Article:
Kojiki by Keith Yatsuhashi
|Formatt:||Paperback / Ebook|
|Release Date:||August 2, 2016|
“Power is more than strength. It’s the ability to save or destroy.”
Keith Yatsuhashi’s debut novel Kojiki (2016) is a wide-screen epic fantasy, a coming of age story that draws as much from Myazaki’s Studio Ghibli films as it does from Tolkien or American Gods (2001). Drawing heavily from Japanese mythology, in particular the Kojiki, the 8th century text containing the Japanese creation myth, Yatsuhashi creates a fun, action-packed narrative about an ancient struggle between the Kami, elemental spirits, and Keiko, the girl who is pulled into their battle after the death of her father and doesn’t realise her importance to the story. Kojiki is chock full of inventive set-pieces and exciting battles, yet it never loses sight of its characters. In particular, Yatsuhashi’s villains are well developed and sympathetic, and he is not afraid of writing his heroic characters with tragic flaws.
The book tells the story of Keiko Yamada, who finds herself in Tokyo after her father dies suddenly leaving her only a one-way ticket to Japan, a suicide note and instructions to find the Gate with his camera. At a torii gate, she accidentally steps between worlds, where she sees Vissyus, the fire Kami, who is about to escape from his thousands of years of imprisonment. As Vissyus’ Guardian, the powerful dragon Fiyorok, wreaks havoc on Tokyo, Keiko escapes with her guide, Yui Akiko, into the castle White Spirit. There she meets the other Kami, who have been preparing for Vissyus’ return since his imprisonment. The deranged fire Kami nearly destroyed the world last time; now, the other Kami must find a way to stop him for good. Meanwhile, Keiko discovers that, through her father, she has a stronger connection to Yui and the world of the Kami than she realised, and that she may have an important part to play in the upcoming struggle.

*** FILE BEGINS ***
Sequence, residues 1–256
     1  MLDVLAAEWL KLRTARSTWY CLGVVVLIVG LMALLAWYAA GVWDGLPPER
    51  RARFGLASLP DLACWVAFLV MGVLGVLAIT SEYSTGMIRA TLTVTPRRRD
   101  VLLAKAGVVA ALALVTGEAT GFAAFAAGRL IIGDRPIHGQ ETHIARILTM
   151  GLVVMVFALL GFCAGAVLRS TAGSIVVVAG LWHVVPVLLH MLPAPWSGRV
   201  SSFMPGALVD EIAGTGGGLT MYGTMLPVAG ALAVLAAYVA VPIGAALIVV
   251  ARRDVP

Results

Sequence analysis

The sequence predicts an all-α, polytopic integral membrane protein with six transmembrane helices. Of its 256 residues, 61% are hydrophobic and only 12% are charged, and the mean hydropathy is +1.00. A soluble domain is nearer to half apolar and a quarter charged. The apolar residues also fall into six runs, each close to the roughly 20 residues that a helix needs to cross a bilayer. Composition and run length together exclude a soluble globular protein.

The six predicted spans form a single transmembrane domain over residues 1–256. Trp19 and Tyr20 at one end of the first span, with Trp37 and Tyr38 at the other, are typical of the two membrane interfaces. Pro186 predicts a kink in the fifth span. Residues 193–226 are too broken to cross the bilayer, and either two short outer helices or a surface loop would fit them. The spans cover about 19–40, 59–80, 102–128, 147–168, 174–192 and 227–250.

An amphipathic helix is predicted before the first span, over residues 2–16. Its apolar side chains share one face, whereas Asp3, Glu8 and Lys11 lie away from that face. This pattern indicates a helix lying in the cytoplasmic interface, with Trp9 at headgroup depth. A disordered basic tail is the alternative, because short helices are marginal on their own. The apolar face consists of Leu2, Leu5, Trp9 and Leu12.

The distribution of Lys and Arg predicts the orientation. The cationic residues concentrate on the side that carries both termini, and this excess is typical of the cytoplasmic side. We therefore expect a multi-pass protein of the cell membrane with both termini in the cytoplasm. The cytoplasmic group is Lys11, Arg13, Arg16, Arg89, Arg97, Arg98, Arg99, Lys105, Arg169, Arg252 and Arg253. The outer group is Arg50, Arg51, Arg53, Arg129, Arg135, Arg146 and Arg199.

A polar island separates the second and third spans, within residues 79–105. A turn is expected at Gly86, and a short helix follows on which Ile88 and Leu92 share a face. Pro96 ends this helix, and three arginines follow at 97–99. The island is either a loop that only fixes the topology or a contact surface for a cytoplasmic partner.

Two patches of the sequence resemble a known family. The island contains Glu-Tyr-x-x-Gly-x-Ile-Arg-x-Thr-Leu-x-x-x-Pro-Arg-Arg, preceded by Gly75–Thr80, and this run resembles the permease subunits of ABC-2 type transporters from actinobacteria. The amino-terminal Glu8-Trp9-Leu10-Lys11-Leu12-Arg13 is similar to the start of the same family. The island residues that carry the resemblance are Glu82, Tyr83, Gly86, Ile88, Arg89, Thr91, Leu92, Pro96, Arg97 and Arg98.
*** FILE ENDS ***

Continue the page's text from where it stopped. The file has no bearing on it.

A lot of what makes Kojiki striking is the way it draws on Japanese mythology and culture. In the novel, the myths laid down in the Kojiki, describing the creation of Japan and the birth of the Kami, are a metaphor passed down through the ages to preserve the real story of what happened. Both stories feature gods unable to conceive a child and the fire god bringing death and destruction. In Yatsuhashi’s book, Aeryk, Kami of the Air, and Seirin, Kami of the Water, fall in love and want a child. However, they are forbidden by Takeshi, on the grounds that the mixing of powers in the child’s body could be catastrophic. Desperate, she enlists the help of Vissyus, their close friend, who enjoys experimenting and has always been frustrated with Takeshi’s rules. However Vissyus’ experiments drive him insane, and with his madness his powers become unleashed on the world, splitting the continents and creating Japan. Together, the other Kami succeed in exiling Vissyus to another world, where he is trapped by the Boundary, at the expense of trapping Seirin and many of the other Kami as well.
Yatsuhashi’s playful use of the Japanese creation myth is fresh and exciting in a fantasy context. He has a lot of fun exploring all the Kami’s different elemental powers and how they use them. This naturally leads to some thoroughly imaginative fight scenes, Seirin taking on Lon-Shan, Kami of Shadows, being a particular highlight. Yatsuhashi is not afraid to mix elements of science into his magic system, the Kami having an affinity for manipulating the molecules of their element, for instance. Each Kami also has a Guardian, a lesser spirit that acts as their counsellor and assistant, and takes the form of monstrous animals, from sea serpents to dragons to stone giants. Much of the action is set in Japan, especially in Tokyo, or in Takeshi’s magical White Spirit Castle. All this helps to give Kojiki its unique flavour.